From March 2018 to March 2019 there were 582 fires in educational premises¹. The aftermath of a school fire can be devastating. All elements of school life can be affected, the building and its contents can be destroyed and the students’ education interrupted.
There are many actions that can be taken in order to prevent and prepare for the event of a fire, whether it is accidental or deliberate. One of the easiest and quickest ways to prepare is to invest in fire safety equipment. If you are not sure what you may need, the best thing to do is to arrange a fire risk assessment to be carried out by a professional assessor. However, in this blog, we will cover a few of the essentials.
1. Fire & smoke alarms
Fire alarms alert everyone in the building that there is a fire and provide an opportunity to either extinguish it or call the fire service before it gets out of control. Once installed, the Government states “All types of fire-warning systems should be tested once a week.”² It is also recommended to have maintenance carried out every 6 months.
If a fire did break out and you had no alarm in place or they weren’t working, it could take over the whole building undetected, putting lives at risk.
2. Fire extinguishers
Fire extinguishers can allow you to put out a small fire before it becomes unmanageable. They come with different extinguishing properties and it is important that you use the correct type for it to be effective.
In Scotland and Wales, it is mandatory for all newly built schools to be fitted with sprinkler systems. However, this is not the case in England, where Government guidance suggests sprinklers should be fitted in all newly built schools except those considered ‘low-risk’.
The Fire Brigades Union (FBU) and the National Education Union have a shared belief that every newly built school should have sprinklers installed, regardless of whether they are considered high or low risk. The FBU explained, “sprinklers can assist in the control of a fire in its early stages, limiting damage and giving occupants additional time to escape, as well as reducing the risks faced by firefighters attending the incident.”³ Since Grenfell, both unions have been proposing that sprinklers should be classed as mandatory but the Government have declined the proposal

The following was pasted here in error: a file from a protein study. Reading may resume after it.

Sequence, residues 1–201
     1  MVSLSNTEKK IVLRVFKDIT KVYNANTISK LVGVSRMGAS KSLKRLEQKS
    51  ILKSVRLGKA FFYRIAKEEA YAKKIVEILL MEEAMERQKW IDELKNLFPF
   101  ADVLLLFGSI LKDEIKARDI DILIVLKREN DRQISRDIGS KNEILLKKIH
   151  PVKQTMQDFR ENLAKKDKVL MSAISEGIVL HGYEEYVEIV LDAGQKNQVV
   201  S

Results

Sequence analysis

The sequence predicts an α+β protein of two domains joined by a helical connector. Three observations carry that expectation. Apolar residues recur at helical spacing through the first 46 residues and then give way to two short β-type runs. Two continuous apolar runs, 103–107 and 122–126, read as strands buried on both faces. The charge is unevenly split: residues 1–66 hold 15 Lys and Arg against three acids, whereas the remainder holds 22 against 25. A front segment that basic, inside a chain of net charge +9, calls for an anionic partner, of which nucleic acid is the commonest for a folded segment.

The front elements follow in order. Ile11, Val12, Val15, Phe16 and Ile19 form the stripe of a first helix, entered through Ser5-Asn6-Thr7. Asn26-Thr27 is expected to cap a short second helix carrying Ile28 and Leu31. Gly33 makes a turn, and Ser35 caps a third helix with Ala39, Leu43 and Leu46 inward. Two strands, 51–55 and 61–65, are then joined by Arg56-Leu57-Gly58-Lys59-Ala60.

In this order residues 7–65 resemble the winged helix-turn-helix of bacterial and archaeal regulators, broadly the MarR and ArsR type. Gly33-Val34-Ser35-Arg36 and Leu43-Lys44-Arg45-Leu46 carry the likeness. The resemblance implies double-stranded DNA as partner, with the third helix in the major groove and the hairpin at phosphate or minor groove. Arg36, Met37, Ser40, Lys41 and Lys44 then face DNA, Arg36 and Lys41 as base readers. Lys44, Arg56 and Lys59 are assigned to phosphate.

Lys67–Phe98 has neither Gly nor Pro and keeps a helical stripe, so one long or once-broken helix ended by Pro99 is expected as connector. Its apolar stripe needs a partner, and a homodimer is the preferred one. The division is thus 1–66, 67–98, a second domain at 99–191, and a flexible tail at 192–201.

4. Waste management system
The average primary school student produces 45kg of waste per year and secondary school students 22kg*. Most of this waste consists of card and paper, both combustible materials and therefore a fire hazard. This means that managing this waste is vital for fire safety in the school.
You can work with other companies in order to control and remove your school’s waste. This could include having the correct types of bins and organising regular disposal collections. Your school will also need to ensure that the bins are locked away and are only accessible for chosen people e.g. cleaners or maintenance.
5. Fire doors
Fire doors should be installed from the moment the school has been built. They prevent the spread of a fire and can hold a fire in one room for 30 or 60 minutes depending on your door type. There are many elements that make a fire door ‘fire-proof’ and all of these things should be routinely checked and maintained.
Keeping the school building and its occupants safe is a daily priority. By having these items you are minimising the risk of fire and potential damage caused. However, all fire safety efforts will be undone if you have wedged open fire doors. A fire can spread through a hole the size of a pen nib. Don’t allow fires to take over your building.
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Approximately one million people were affected by the power cut on the 10th August 2019. Homes and businesses were left powerless, people travelling on trains were stranded and traffic lights were cut off, all the result of two power stations disconnecting.